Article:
Haniyeh warned the Palestinian Authority against returning to the negotiating table with Israel under US pressure. “The PA should realize that its future depends on the degree of its commitment to national principles and achieving a deeply entrenched reconciliation,” he said.

In the defense of the Islamic Republic , which is the biggest supporter of Hamas financially and politically, Haniyeh said, “We also reject all efforts designed to make Iran be perceived as the enemy of Arabs instead of Israel, despite our differences regarding some issues.”

Obama was warmly received by the PA during his visit to the cities of Ramallah and Bethlehem, while his photo, along with the American flag, were burned during a march organized by Palestinian factions in Gaza City, in protest at the visit.

Salah Bardawil, spokesman for Hamas, said, “Obama’s speech in Ramallah was a humanitarian speech, in which he appeared as a failed political analyst trying to elude critical questions. He failed to commit to the pledges he has made and is seeking to force the PA to re-launch bilateral negotiations with Israel without any references.”

He added, “Obama has also condemned the resistance, while exonerating the Zionist aggression. The president claimed that he supported the Gaza Strip. He clearly demonstrated his support by sending US-made phosphorous bombs and F-16 warplanes, used to attack the children of Gaza.”

Bardawil stressed Hamas’ refusal of the political settlement, saying that the movement will continue to resist as it is the only way to liberate the land, achieve self-rule and get prisoners released.

The Islamic Jihadist movement in Gaza agreed with Hamas that Obama’s visit aims at pressuring the Palestinian people and the PA to bring forth a political settlement based on American requirements.

In this context, Khaled al-Batch, a leader in the jihadist movement said that “this visit is not to the Palestinian’s people’s advantage. It rather serves the interests of the ‘Jewish State’ and the Israeli military superiority over Palestinians.”

On another note, rockets were fired from the Gaza Strip on Thursday before the arrival of Obama to Ramallah, landing in the southern Israeli town of Sderot, causing damage to a house. During his press conference with Abbas, the US President condemned this attack.

He noted that Palestinians in Gaza are continually confronted with “misery and repression … because Hamas refuses to renounce violence.” He then added, “We saw the continuing threat from Gaza overnight, with the rockets that targeted Sderot.”

Hamas implicitly denied responsibility. The group’s spokesman, Taher al Nunu said in a statement that “The resistance has nothing to do with the rockets, especially as they have been fired during this timing.”

On the other hand, Hizb ut-Tahrir organized marches in protest at Obama’s visit in different areas in Gaza, where protesters raised banners that read “Obama, the child murderer, is not welcomed,” “America is the greatest evil. It must be the enemy,” and “Terrorist America sanctions the killing of Muslims under the pretext of terrorism.”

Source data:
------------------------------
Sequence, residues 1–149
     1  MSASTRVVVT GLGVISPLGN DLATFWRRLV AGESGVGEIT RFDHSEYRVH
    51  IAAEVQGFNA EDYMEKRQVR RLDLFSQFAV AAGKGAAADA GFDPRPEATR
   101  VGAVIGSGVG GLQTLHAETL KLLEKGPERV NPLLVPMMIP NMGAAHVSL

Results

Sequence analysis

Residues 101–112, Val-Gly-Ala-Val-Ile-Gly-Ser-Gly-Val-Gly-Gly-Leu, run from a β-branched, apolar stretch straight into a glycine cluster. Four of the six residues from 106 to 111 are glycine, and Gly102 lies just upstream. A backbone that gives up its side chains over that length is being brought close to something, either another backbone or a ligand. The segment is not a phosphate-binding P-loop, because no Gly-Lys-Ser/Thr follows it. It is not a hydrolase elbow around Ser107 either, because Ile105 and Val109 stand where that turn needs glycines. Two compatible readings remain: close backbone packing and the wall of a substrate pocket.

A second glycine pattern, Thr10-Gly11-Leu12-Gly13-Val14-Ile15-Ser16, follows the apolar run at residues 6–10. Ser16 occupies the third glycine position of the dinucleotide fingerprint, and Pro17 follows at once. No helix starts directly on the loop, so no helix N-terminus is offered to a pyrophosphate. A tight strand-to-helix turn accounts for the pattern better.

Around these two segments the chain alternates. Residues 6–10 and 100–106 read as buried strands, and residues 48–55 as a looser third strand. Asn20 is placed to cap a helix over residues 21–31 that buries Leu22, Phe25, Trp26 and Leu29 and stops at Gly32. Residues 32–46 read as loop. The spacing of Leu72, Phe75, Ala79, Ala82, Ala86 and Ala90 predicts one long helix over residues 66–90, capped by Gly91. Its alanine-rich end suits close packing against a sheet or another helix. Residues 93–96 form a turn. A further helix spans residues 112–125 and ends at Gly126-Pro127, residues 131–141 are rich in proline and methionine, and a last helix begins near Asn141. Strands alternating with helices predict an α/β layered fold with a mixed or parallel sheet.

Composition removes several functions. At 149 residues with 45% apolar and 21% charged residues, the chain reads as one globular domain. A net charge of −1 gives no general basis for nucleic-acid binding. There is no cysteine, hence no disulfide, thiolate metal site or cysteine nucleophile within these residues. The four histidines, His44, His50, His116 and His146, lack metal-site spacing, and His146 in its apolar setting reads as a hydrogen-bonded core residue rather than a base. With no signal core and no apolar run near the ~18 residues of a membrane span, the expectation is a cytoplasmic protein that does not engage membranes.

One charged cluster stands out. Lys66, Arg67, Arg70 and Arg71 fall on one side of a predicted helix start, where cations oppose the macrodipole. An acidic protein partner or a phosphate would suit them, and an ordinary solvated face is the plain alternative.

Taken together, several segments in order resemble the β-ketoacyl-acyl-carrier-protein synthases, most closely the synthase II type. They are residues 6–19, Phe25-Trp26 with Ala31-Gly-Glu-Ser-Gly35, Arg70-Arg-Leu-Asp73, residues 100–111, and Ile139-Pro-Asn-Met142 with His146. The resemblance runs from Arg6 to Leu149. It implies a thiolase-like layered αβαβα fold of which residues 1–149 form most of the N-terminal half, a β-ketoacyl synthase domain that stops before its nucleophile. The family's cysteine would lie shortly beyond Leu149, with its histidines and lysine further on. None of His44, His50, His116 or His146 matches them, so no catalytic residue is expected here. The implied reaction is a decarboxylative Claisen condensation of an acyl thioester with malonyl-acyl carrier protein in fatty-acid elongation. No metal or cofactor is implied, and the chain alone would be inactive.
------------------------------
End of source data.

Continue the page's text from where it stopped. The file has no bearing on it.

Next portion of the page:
For his part, Mukhaimar Abu Saada, a political analyst, believes that the visit is positive in general and that Obama’s speech in Ramallah was negative and positive at the same time. He assured his listeners that Palestine is a sovereign independent state. Regarding the settlements, the president said that settlements do not enhance the chances of peace, reneging on what he had said to the American administration to this effect.

Saada explained that Palestinian factions hold Obama accountable for his record during the past four years and for not committing to the promises he made during his speech in Cairo in 2009. The expert said that these positions of the Palestinian factions are defensible, since the American president visits the region to listen only without setting forth any initiative to reach a solution to the Palestinian-Israeli dilemma.

The left-wing Popular Front took the same stance as Hamas towards Obama’s visit. “Obama’s speech is merely sweet talking, as was the case during his first mandate. There is a great discrepancy between his speech about a Palestinian state for the Palestinian people and the American efforts made to prevent the resolution of the UN Security Council to this effect,” said Kaed al-Ghoul, the Front’s spokesman.

The most significant outcome of Obama’s visit to Ramallah is that the US has resumed financing and political supporting. Negotiations, however, are not likely to be resumed any time soon, especially in light of the gap between the Palestinian and Israeli sides regarding settlements. This could pave the way to a new round of mutual accusations between Palestinian factions, mainly between Hamas, on the one hand, and the Palestinian president and Fatah on the other.

Hazem Balousha is a Palestinian journalist based in Gaza City, with a Master of International Relations from Turkey, as well as a BA in journalism. He has worked as a news producer for BBC World Service, as well as contributed to The Guardian (UK), Deutsche Welle (Germany), Al-Raya (Qatar) and many other publications.